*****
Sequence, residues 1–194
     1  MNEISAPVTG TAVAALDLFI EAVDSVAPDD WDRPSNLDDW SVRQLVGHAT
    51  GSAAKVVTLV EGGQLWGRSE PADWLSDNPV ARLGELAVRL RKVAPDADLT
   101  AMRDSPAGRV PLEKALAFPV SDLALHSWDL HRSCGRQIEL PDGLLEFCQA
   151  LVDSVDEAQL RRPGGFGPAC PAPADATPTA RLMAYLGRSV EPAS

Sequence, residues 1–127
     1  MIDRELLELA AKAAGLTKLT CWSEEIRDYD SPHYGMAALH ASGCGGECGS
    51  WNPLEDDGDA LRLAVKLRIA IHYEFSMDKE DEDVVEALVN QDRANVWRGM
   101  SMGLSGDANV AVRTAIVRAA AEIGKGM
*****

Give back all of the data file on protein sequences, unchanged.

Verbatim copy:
Sequence, residues 1–194
     1  MNEISAPVTG TAVAALDLFI EAVDSVAPDD WDRPSNLDDW SVRQLVGHAT
    51  GSAAKVVTLV EGGQLWGRSE PADWLSDNPV ARLGELAVRL RKVAPDADLT
   101  AMRDSPAGRV PLEKALAFPV SDLALHSWDL HRSCGRQIEL PDGLLEFCQA
   151  LVDSVDEAQL RRPGGFGPAC PAPADATPTA RLMAYLGRSV EPAS

Sequence, residues 1–127
     1  MIDRELLELA AKAAGLTKLT CWSEEIRDYD SPHYGMAALH ASGCGGECGS
    51  WNPLEDDGDA LRLAVKLRIA IHYEFSMDKE DEDVVEALVN QDRANVWRGM
   101  SMGLSGDANV AVRTAIVRAA AEIGKGM